Imagine the following situation: You look at the predictions, and you find that 6-foot, 15-second swell is forecast to be arriving from the northwest sometime tomorrow. From experience, you know that is the perfect size, period and direction for your beach. The next day, you ‘track’ the swell by checking some wavebuoys just off the coast (wavebuoys give us real measurements of the waves, not a prediction). The swell has already hit the buoys, confirming what the models said” 6 foot, 15 seconds, straight from the northwest.
When the swell actually does arrive, there is something not quite right about it. There is no wind but the sea is mixed up and kind of choppy. In general, the swell lacks power and the waves aren’t walling up the way they should. That’s disappointing, especially since it was supposed to have been all-time.
Even the wavebuoy, which by all accounts cannot lie, also told us that the swell was all-time. It leaves you thinking that there must be more to it than the simple assumption that (a) the waves will be classic if the direction is right and the period is long, or (b) they’ll be rubbish if the direction is wrong and the period is short.
The wavebuoy cannot lie, but what it can do is not tell us the whole story. That swell didn’t turn out the way we thought it was going to, not because the information we were getting was incorrect, but because the information was not complete enough. Sometimes, the parameters given to us by the wave model predictions and the buoy measurements are not enough to distinguish between a clean 6-foot, 15-sec northwest swell and a messy one. The typical ‘significant wave height’, ‘peak period’ and ‘mean direction’ you see all the time are just statistical summaries of the state of the sea. Like averages, they are very useful and convenient but tend to hide a lot of information. In reality, the sea is actually made up of a combination of waves with different heights, periods and directions, all mixed up together, even in the cleanest groundswell. The way these different waves interact might not be distinguishable by just looking at those statistical summaries.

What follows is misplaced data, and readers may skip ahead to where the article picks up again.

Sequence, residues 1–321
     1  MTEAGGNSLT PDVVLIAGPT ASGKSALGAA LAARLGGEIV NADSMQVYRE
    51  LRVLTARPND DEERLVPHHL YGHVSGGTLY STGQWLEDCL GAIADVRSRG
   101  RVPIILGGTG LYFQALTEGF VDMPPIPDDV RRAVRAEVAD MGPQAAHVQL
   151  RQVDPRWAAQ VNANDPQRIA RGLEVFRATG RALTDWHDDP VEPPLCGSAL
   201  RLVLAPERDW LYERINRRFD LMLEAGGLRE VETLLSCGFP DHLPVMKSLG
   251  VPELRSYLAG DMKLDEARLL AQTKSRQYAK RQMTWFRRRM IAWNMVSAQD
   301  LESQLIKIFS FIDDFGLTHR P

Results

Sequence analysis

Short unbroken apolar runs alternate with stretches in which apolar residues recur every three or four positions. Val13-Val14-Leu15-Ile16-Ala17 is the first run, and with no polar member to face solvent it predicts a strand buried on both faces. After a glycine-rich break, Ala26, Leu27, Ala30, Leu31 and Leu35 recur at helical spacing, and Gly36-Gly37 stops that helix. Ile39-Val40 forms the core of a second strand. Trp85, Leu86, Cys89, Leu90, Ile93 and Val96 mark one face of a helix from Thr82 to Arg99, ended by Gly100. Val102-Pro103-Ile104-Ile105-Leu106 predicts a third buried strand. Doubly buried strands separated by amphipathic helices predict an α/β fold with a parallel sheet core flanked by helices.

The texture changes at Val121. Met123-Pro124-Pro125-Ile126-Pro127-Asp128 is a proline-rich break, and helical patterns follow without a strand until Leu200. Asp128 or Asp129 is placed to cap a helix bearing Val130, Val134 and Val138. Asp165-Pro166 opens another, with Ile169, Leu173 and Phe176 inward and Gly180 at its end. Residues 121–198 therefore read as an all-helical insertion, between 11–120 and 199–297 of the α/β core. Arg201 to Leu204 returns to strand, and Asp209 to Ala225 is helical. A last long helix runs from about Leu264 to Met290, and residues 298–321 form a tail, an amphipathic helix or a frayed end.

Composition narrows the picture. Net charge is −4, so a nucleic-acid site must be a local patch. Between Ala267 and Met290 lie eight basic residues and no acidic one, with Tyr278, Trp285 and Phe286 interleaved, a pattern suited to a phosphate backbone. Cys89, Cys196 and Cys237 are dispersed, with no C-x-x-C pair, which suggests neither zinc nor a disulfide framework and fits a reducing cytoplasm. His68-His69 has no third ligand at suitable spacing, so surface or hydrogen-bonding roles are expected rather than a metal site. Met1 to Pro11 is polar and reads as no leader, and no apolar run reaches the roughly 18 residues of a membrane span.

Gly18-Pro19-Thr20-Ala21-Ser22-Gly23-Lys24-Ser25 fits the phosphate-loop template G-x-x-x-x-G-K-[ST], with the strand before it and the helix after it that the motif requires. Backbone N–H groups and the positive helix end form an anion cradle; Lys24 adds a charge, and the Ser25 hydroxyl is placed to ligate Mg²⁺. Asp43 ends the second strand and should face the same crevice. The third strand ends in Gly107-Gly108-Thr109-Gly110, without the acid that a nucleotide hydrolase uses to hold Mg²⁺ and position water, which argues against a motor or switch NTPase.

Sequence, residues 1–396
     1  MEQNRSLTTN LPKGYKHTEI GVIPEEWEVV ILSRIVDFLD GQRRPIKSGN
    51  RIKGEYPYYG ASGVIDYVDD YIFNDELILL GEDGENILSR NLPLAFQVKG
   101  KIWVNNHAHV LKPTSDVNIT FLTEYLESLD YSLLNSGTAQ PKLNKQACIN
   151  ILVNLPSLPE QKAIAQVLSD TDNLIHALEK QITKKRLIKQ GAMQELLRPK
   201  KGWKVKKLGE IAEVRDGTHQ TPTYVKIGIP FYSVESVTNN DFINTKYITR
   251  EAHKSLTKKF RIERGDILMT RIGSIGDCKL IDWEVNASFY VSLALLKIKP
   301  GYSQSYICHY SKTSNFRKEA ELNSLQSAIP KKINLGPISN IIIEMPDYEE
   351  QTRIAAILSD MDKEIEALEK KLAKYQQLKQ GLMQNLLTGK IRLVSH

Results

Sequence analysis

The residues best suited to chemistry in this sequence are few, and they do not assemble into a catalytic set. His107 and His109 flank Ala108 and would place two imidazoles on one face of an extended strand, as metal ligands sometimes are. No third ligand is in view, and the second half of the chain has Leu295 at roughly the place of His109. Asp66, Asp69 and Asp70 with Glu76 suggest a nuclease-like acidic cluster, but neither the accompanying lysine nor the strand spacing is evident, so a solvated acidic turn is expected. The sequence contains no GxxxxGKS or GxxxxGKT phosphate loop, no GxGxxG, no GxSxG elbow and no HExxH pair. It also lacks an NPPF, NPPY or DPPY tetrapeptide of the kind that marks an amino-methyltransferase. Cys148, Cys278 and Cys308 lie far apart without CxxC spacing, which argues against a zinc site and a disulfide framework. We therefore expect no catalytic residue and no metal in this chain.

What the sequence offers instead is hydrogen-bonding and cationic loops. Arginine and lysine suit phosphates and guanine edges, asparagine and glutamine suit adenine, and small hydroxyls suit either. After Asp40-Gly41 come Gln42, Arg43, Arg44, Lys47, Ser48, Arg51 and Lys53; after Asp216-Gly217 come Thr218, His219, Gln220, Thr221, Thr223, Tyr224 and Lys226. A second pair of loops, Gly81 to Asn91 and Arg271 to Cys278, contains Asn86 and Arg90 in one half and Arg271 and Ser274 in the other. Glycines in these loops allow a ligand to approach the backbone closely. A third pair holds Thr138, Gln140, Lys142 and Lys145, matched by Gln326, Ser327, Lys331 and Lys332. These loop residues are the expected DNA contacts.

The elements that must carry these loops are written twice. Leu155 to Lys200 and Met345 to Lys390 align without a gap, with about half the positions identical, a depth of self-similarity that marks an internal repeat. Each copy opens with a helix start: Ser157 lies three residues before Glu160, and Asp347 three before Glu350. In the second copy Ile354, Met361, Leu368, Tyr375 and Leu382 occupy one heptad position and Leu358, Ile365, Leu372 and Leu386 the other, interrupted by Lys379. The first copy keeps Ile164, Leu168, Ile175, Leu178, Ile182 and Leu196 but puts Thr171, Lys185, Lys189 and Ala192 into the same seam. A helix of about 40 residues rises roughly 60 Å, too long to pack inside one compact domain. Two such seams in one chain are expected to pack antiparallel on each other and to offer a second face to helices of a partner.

The reason why sometimes we need a bit more information is that we don’t know how many different periods are mixed up together, and how many different directions. There might be a ‘15-second swell’ where most of the waves are indeed very close to 15 s, or the waves are spread over wide range of periods from 5 s to 25 s. Likewise, there might be a ‘north-westerly swell’ where most of the waves are coming from very close to a north-westerly direction, or the waves are coming from a wide range of directions from west round to north.
A good way to illustrate the way the wave energy is distributed over all the different periods is to use a plot of wave energy versus period” a spectrum (see diagram). A spectrum can be thought of as a kind of statistical distribution of all the component waves that go to make up the wave field. Around the peak period, the wave energy is high, whereas, at longer and shorter periods, the energy gradually diminishes. The amount of wave energy at a particular period is governed by both the height and the abundance of waves around that period. For example, a peak period of 15 s (such as in the diagram) indicates more wave energy at that period than at any other, which, in turn means more and/or bigger waves with periods of around 15 s that at any other period.